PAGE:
I really like metronome work. You can't go wrong with metronome work. It's free, targets the EF portion of the brain, willing get things moving, and is easy to customize to what you're trying to target. You can also do it with a therapist. To me it's a highly recommendable, good for almost anybody kind of thing. It's the kind of thing that if you show up at vision therapy, they're bringing in the metronome. At the PT we used, she was bringing in bodywork plus metronome. Can't go wrong with it. Heathermomster has posted a basic set of instructions.

 


Edited by PeterPan, 12 January 2018 - 10:00 PM.


#4 exercise_guru

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Posted 12 January 2018 - 10:22 PM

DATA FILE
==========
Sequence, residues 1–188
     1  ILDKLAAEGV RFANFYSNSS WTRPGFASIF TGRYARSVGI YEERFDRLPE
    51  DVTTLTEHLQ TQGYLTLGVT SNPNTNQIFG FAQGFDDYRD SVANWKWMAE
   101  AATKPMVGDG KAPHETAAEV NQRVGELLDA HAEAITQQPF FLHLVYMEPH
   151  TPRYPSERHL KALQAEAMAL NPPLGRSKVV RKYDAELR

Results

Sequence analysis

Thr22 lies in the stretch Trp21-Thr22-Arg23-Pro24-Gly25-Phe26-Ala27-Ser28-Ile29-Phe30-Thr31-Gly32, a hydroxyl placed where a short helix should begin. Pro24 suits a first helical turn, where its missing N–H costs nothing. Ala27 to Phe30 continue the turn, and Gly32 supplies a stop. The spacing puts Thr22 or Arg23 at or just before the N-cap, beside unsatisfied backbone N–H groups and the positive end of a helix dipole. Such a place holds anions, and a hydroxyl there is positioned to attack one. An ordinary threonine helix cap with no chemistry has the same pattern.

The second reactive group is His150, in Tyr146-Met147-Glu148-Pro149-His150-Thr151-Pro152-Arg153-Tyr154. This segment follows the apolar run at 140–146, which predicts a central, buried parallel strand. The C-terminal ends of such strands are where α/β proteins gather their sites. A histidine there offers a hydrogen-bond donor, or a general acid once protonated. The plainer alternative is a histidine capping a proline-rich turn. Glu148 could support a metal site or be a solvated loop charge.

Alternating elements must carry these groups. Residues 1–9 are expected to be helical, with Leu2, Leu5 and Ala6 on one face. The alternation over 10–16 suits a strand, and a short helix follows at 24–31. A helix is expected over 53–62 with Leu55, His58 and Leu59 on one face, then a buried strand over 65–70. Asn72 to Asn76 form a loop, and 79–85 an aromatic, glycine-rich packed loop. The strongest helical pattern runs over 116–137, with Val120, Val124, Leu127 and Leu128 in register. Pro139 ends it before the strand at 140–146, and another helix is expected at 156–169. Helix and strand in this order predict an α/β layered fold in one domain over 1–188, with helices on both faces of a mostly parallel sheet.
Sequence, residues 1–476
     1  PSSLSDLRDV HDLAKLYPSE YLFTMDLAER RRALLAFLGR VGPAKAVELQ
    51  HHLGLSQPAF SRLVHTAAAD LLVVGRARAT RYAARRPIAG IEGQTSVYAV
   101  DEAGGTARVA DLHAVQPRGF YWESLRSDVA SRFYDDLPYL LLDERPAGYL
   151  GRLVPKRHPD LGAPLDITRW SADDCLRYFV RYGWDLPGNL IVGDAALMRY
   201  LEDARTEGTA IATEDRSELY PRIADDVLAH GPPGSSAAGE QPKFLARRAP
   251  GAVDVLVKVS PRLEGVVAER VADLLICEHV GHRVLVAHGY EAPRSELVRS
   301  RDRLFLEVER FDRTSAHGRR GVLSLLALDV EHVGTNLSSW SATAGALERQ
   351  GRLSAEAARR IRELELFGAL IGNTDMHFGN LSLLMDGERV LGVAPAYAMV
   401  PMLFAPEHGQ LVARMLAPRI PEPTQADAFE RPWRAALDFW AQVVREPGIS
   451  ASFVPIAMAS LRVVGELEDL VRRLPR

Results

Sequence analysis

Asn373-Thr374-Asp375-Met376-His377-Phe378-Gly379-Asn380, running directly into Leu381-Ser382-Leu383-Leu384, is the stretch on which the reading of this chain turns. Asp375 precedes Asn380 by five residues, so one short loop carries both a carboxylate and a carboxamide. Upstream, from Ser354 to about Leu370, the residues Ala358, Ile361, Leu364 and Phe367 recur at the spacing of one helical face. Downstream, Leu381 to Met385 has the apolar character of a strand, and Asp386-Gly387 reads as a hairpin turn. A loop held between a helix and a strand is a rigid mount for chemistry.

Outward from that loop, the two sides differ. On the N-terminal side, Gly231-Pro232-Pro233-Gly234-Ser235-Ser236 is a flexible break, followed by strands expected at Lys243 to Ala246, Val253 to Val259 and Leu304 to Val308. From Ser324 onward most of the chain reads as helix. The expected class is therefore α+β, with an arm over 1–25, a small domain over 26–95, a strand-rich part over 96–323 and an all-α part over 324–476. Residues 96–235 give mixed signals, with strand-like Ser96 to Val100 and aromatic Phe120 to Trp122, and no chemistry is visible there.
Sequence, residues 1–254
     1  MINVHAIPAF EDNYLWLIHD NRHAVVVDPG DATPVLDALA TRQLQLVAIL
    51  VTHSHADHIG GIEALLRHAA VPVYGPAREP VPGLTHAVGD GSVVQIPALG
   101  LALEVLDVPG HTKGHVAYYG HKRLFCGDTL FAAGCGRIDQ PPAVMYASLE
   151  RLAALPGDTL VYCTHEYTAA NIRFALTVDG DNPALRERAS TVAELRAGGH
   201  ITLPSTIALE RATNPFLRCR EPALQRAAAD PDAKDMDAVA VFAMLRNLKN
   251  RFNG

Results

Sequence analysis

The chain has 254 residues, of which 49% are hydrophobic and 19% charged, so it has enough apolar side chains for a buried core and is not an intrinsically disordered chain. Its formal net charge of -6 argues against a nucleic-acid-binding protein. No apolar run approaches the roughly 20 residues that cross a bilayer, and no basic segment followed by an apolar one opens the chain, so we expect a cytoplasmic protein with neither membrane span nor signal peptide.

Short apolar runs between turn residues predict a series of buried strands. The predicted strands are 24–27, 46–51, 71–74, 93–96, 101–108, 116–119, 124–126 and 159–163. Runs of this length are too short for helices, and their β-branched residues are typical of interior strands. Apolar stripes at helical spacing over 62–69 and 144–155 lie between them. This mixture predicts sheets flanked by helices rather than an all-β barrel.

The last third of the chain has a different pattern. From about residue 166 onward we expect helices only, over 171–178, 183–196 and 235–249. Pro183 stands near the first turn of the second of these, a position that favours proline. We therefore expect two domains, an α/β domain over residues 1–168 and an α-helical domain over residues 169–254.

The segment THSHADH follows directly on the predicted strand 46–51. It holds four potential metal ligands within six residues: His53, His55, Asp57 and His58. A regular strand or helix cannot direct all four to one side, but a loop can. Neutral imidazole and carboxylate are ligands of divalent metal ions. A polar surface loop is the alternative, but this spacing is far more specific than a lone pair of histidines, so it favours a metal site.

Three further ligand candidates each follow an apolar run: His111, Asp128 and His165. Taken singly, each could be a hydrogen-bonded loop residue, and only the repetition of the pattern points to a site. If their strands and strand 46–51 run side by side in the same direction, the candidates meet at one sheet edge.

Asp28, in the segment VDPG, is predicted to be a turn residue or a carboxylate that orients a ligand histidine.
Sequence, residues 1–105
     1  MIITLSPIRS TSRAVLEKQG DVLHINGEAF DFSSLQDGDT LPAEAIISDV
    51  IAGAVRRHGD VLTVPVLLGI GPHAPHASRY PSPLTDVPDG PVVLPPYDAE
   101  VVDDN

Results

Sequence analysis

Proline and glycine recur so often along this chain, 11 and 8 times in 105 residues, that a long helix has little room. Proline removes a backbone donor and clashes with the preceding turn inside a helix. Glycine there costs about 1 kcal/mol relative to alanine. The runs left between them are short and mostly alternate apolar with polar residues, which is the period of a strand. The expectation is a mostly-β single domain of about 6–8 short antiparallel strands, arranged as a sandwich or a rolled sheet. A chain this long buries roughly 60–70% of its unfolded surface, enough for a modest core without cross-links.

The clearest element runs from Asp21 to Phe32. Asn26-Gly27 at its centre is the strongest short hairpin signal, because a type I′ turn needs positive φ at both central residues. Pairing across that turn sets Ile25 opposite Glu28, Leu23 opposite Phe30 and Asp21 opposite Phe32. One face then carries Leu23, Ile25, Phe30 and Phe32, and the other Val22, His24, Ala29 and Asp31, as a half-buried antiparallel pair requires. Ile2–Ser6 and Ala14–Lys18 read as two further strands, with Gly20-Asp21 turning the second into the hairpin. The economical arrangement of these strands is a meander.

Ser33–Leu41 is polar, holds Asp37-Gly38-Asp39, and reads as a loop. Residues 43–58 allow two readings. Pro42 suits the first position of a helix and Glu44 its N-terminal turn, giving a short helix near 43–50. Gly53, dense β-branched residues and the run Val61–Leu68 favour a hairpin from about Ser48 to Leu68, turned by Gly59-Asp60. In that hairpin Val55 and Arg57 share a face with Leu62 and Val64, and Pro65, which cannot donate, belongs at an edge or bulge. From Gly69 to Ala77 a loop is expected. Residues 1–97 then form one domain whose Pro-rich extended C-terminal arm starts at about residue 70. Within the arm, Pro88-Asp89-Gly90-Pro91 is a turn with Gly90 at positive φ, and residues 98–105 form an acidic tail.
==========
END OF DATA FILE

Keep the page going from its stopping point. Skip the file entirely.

Thank pan I can pm you directly but yes I have explored much of what you wrote and I couldn't agree more wishful thinking is not a good idea and nothing is a substitute for good solid testing. We do all of that don't worry it isn't being neglected. I am just looking for a good brain training program to do before school until summer.

My son has a team that work together don't worry their is a neuosychologist and a good pediatrician involved

Edited by exercise_guru, 12 January 2018 - 11:43 PM.

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#5 PeterPan

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Posted 13 January 2018 - 12:26 PM